The tri-domed conservatory of the Buffalo and Erie County Botanical Gardens dominates the landscape of gorgeous Frederick Law Olmsted-designed South Park. The gardens are a perfect place for meditative strolls through sky-high palm trees, burbling water features, and hundreds of various flower species in every imaginable color.
Visitors can scout out flowers on vines overhead, peeking out of the edges of cacti, and near the ground. A springtime visit to the gardens – when the buildings, especially the central dome, are teeming with blooms – is not to be missed.
Spotted on a recent visit on a sunny afternoon were the following floral wonders. Each of these six flowers has a story.
Subtle are the rose-colored stems of the plant Croton, with layers of tiny red buds resembling nascent coffee beans (Coffea Arabica cherries, officially) that open into delicate yellow and green puffs. The mother plant is large and hearty with waxy oval-shaped leaves of green, red, black, and yellow. The woody stalk shows that this plant, near the central glass dome, has been happily at home here for quite some time.
Another plant that is familiar to houseplant lovers, Anthurium are seen throughout the Botanical Gardens. House 12 features an unusual pure white Anthurium plant, which features the species’ heart-shaped leaves and signature, pink stamen and is surrounded by lush and bright green fern plants.
Needle Flower Tree
A cousin of the coffee plant and in the madder family, Needle Flower Tree is native to Central America. The onsite specimen is in the Rainforest display underneath the eastern dome of the gardens, near the doorway leading to their events space. This tree has blossoms that are at face height, and up to twelve feet high. If you position your nose just right, and the flowers are at just the right bloom, you will smell its very subtle scent.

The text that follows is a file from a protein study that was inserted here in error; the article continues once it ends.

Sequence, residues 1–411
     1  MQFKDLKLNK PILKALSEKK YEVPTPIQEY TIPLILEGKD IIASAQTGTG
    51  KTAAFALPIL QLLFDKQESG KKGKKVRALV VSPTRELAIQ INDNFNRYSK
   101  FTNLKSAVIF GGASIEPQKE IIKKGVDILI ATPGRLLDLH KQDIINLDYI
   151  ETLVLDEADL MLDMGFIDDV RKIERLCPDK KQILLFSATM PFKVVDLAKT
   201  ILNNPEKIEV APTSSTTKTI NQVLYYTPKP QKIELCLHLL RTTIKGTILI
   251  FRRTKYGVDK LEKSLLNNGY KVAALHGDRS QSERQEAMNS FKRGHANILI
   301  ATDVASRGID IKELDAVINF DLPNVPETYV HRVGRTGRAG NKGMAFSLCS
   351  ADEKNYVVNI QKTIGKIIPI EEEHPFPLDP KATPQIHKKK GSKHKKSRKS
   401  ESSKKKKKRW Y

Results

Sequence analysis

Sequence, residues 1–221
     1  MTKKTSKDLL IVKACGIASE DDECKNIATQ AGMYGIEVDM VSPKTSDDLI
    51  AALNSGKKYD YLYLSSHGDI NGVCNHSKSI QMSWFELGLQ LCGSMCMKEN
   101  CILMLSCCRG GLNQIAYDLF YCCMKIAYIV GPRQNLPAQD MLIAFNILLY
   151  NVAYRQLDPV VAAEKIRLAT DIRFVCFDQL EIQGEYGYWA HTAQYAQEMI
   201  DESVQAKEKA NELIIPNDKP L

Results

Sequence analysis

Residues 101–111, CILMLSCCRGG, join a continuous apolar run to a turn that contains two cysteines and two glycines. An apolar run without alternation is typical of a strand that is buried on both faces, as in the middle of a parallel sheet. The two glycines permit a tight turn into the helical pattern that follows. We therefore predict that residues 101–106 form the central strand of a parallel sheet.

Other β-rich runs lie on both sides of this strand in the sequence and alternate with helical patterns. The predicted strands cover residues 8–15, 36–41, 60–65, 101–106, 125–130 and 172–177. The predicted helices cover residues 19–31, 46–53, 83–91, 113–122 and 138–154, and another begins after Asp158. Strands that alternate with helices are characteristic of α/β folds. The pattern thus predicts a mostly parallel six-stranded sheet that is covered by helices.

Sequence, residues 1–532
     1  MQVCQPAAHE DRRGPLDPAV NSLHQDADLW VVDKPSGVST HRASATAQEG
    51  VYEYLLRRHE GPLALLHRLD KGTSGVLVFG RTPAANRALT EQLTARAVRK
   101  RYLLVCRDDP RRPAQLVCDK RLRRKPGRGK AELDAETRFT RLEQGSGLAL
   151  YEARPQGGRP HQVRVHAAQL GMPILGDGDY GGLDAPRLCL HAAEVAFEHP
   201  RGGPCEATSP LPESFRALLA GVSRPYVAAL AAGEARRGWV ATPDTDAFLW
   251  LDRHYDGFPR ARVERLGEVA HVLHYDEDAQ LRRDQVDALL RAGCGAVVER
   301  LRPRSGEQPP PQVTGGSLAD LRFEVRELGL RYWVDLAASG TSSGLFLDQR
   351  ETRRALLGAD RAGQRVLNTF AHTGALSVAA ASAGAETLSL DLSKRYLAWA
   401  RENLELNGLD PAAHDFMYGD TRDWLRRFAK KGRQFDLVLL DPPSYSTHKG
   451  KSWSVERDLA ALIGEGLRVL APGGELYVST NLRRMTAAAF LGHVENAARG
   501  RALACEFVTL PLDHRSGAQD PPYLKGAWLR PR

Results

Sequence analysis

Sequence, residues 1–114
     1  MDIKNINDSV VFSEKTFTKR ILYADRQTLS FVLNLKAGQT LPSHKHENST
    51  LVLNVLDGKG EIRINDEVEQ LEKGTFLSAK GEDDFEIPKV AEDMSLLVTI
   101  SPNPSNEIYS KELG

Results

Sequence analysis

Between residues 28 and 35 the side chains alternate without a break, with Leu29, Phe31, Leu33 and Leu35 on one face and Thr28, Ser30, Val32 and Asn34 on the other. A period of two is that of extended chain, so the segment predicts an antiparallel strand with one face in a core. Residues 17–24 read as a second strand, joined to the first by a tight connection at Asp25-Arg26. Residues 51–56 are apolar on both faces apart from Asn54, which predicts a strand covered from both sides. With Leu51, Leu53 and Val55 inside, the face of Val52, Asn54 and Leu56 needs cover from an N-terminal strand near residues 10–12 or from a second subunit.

Another plant that is up high is the impressive Sky Vine, with hundreds of lavender-colored blooms resembling orchids. This prolific plant, sometimes referred to as Clock Vine, has overtaken several poles in House 2 between the seven-tiered concrete fountain and the koi pond near the gardens’ famed waterfall. Sky Vine is a tropical perennial whose official name is Thunbergia, native to Africa.
Cow Horn is in the building devoted to cacti. Volunteers have arranged this plant among rocks and other cacti resembling a desert landscape, and its next door neighbor is also named for an animal. Bear Grass, resembling an aloe vera plant, is a thin specimen of agave (fun fact: tequila is made from Agave Azul, also called Agave tequilana. Yes, really).
Chinese Perfume Tree
Here is another example of one of the most discrete and subtle flowers in the entire Botanical Gardens: the Chinese Perfume Tree. Located in House 5 and among the Medicinal Garden area, this shrub is in the Mahogany Family. The flowers are tiny bright yellow balls that do not open; their scent resembles lemons. Another aromatic plant, Yellow Jasmine, is its next-door neighbor.